Good Foreigner, Bad Foreigner – By Anne Henochowicz

China’s love-hate relationship with expats.


The more than half a million foreigners living in China exist in a legal and ethical gray area. Over the past 60 years, the Communist Party has often attempted to keep foreigners at a distance. In the 1980s foreigners shopped at special supermarkets in Beijing, buying goods that were forbidden to most locals. Today, expats can live in the same apartment buildings, shop in the same stores, and even get cozy with Communist Party officials, as the murder of former Bo Xilai confidant Neil Heywood revealed. Chinese police tend to be more lenient to (non-African) foreigners than to locals, wary of provoking international incidents; foreign journalists receive far more leeway to write and report than their domestic counterparts. Chinese companies will even hire white expats to pose as company executives, simply for the business a Caucasian face brings. This gap, however, might be closing.

Ed Jones/AFP/Getty Images

On May 8, Chinese Internet user “Ajian” uploaded a video to Youku, China’s largest video sharing site, of a British man sexually assaulting a Chinese woman on the streets of Beijing. A man in a black jacket leads him away from the woman. In the next scene, the same man beats him senseless in the middle of the street. You can hear Ajian breathing heavily and cursing the Briton behind the camera. Viewed more than 11 million times, the video seems to have inspired a city-wide campaign to catch and prevent foreigners from behaving badly.

Ajian’s Beautiful Workshop’s YouKuvideo

The Communist Party likes numbered slogans. Mao led the “Three-Anti” and “Five-Anti” campaigns in the early years of the People’s Republic of China (PRC) to root out enemies of the state, then attempted to destroy the “four olds” during Cultural Revolution; then-President Jiang Zemin introduced the socio-political ideology the “three represents” in 2000.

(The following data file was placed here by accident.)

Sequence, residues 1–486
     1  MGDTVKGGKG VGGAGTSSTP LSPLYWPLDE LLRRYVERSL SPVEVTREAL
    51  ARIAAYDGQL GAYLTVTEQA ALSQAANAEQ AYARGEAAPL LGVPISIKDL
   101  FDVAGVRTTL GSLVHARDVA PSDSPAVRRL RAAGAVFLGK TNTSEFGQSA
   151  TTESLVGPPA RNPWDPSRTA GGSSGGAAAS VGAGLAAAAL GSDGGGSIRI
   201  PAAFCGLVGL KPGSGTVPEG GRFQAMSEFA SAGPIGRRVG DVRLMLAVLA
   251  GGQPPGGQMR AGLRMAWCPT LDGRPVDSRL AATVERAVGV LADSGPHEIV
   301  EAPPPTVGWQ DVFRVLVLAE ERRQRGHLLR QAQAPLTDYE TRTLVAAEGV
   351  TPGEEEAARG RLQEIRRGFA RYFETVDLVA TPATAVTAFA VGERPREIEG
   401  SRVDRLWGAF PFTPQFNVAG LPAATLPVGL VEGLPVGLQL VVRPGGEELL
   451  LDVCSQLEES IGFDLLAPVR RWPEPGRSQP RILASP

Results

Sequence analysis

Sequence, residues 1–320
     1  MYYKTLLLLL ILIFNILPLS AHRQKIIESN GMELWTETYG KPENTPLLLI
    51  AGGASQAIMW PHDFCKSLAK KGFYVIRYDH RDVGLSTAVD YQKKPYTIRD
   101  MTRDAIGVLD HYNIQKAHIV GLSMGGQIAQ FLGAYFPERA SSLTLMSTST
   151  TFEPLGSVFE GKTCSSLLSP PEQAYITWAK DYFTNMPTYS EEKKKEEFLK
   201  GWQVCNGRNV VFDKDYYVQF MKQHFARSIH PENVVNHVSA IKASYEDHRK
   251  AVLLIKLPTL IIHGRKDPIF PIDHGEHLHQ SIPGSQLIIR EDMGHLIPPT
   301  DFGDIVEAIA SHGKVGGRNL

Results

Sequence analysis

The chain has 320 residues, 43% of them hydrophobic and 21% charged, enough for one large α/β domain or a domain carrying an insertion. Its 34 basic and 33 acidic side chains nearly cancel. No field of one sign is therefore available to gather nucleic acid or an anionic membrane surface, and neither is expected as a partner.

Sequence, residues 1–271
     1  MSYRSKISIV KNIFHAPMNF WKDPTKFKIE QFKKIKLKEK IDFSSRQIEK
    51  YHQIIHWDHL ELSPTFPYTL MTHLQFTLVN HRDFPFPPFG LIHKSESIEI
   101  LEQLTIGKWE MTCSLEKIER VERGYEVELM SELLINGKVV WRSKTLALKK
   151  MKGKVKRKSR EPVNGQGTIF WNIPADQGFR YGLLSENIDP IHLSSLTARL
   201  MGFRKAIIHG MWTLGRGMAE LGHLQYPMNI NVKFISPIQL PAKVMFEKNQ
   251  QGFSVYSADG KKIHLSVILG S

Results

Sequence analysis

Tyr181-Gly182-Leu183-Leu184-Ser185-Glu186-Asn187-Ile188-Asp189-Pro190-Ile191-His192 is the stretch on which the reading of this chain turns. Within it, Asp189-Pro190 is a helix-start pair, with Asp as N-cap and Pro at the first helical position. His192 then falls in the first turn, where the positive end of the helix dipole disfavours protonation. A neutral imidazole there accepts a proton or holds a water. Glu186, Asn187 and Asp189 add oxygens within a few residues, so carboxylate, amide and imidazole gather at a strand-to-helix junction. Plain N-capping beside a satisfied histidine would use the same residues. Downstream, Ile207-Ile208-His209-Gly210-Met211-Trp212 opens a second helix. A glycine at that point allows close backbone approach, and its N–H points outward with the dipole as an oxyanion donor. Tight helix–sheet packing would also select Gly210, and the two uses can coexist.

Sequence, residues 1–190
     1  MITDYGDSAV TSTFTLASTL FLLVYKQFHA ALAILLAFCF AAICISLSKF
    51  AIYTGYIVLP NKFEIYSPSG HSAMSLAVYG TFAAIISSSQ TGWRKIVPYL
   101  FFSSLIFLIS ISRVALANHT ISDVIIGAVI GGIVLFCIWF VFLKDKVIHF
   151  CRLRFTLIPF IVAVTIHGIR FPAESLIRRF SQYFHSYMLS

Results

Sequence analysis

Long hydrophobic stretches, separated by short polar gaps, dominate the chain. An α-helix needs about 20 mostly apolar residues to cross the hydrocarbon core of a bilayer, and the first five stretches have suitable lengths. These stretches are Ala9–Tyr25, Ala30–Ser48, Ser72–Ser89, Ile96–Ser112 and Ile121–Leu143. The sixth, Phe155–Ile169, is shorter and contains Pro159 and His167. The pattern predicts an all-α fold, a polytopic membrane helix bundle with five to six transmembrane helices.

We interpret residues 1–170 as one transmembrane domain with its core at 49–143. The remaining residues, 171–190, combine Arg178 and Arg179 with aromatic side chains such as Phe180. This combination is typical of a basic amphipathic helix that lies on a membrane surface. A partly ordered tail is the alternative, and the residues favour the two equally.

A week after the Briton’s assault, Beijing announced a three-month campaign to “clamp down” on foreigners. The cartoon above, which the Beijing Municipal Public Security Bureau (PSB) posted on its Weibo account @PeacefulBeijing, shows a fist slamming down on those engaged in the “three illegals”: entering the country illegally, residing illegally, and working illegally. Under the new directive, police may ask foreigners to present their passports and papers, targeting “communities believed to have large numbers of such aliens.” The cartoon contains a phone number that citizens can call to report suspicious foreigners.

Beijing PSB Weibo

Anti-foreigner sentiment exists throughout China. Some netizens voiced their support for bringing the campaign to Shanghai, which has more than 200,000 foreigners as of 2010, nearly double that of Beijing. Surprisingly, the Yanbian PSB in the northeast province of Jilin announced its own drive to track down unwelcome foreigners on May 23, according to the magazine ‘s Weibo account.

Yanbian shares a border with North Korea, and thousands of North Koreans live and work in Yanbian; others who defect pass through Yanbian on their way to Thailand, Mongolia, and South Korea. A few weeks ago, North Koreans captured 29 Chinese fishermen and held them for the un-princely ransom of 1.2 million yuan (about $189,000) in a rare public spat between the two allies.

“Our comrade-in-arms has stabbed us in the back,” wrote blogger Wang Sixiang, reacting to the news. The cartoon above, drawn by cartoonist Rebel Pepper, shows China holding the blind human rights activist Chen Guangcheng hostage; in the next panel, North Korea is holding a Chinese citizen hostage. The website See China gives the cartoon the title “Little Brother, You Learn Quick!” Although the fishermen were eventually released, Beijing has tried to manage the resulting public anger: notably, not a single comment has been left on ‘s post, likely because of deletion.

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